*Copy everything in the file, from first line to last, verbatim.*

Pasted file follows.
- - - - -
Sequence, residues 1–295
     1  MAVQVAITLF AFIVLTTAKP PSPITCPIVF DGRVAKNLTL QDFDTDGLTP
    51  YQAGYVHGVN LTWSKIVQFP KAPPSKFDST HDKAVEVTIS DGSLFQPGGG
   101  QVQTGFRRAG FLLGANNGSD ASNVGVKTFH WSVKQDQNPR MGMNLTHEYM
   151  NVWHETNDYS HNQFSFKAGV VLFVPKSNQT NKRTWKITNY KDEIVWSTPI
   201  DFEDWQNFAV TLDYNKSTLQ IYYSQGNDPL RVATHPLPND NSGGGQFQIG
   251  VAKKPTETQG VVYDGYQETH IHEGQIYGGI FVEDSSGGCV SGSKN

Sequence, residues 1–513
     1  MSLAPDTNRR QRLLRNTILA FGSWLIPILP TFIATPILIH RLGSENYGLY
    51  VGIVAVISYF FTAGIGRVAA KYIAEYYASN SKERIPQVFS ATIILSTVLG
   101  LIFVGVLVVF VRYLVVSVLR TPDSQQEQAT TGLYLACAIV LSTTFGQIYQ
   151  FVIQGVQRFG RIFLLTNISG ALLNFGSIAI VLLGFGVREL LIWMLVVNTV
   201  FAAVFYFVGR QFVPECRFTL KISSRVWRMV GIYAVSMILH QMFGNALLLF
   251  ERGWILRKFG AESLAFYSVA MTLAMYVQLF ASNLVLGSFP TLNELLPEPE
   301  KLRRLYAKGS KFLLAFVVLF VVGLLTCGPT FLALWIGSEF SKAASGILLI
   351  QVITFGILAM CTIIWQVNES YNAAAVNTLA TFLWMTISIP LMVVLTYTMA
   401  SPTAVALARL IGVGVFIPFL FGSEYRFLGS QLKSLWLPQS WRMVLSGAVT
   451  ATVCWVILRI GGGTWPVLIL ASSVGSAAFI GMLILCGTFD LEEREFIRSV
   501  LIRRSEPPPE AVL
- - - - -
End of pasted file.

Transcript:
Sequence, residues 1–295
     1  MAVQVAITLF AFIVLTTAKP PSPITCPIVF DGRVAKNLTL QDFDTDGLTP
    51  YQAGYVHGVN LTWSKIVQFP KAPPSKFDST HDKAVEVTIS DGSLFQPGGG
   101  QVQTGFRRAG FLLGANNGSD ASNVGVKTFH WSVKQDQNPR MGMNLTHEYM
   151  NVWHETNDYS HNQFSFKAGV VLFVPKSNQT NKRTWKITNY KDEIVWSTPI
   201  DFEDWQNFAV TLDYNKSTLQ IYYSQGNDPL RVATHPLPND NSGGGQFQIG
   251  VAKKPTETQG VVYDGYQETH IHEGQIYGGI FVEDSSGGCV SGSKN

Sequence, residues 1–513
     1  MSLAPDTNRR QRLLRNTILA FGSWLIPILP TFIATPILIH RLGSENYGLY
    51  VGIVAVISYF FTAGIGRVAA KYIAEYYASN SKERIPQVFS ATIILSTVLG
   101  LIFVGVLVVF VRYLVVSVLR TPDSQQEQAT TGLYLACAIV LSTTFGQIYQ
   151  FVIQGVQRFG RIFLLTNISG ALLNFGSIAI VLLGFGVREL LIWMLVVNTV
   201  FAAVFYFVGR QFVPECRFTL KISSRVWRMV GIYAVSMILH QMFGNALLLF
   251  ERGWILRKFG AESLAFYSVA MTLAMYVQLF ASNLVLGSFP TLNELLPEPE
   301  KLRRLYAKGS KFLLAFVVLF VVGLLTCGPT FLALWIGSEF SKAASGILLI
   351  QVITFGILAM CTIIWQVNES YNAAAVNTLA TFLWMTISIP LMVVLTYTMA
   401  SPTAVALARL IGVGVFIPFL FGSEYRFLGS QLKSLWLPQS WRMVLSGAVT
   451  ATVCWVILRI GGGTWPVLIL ASSVGSAAFI GMLILCGTFD LEEREFIRSV
   501  LIRRSEPPPE AVL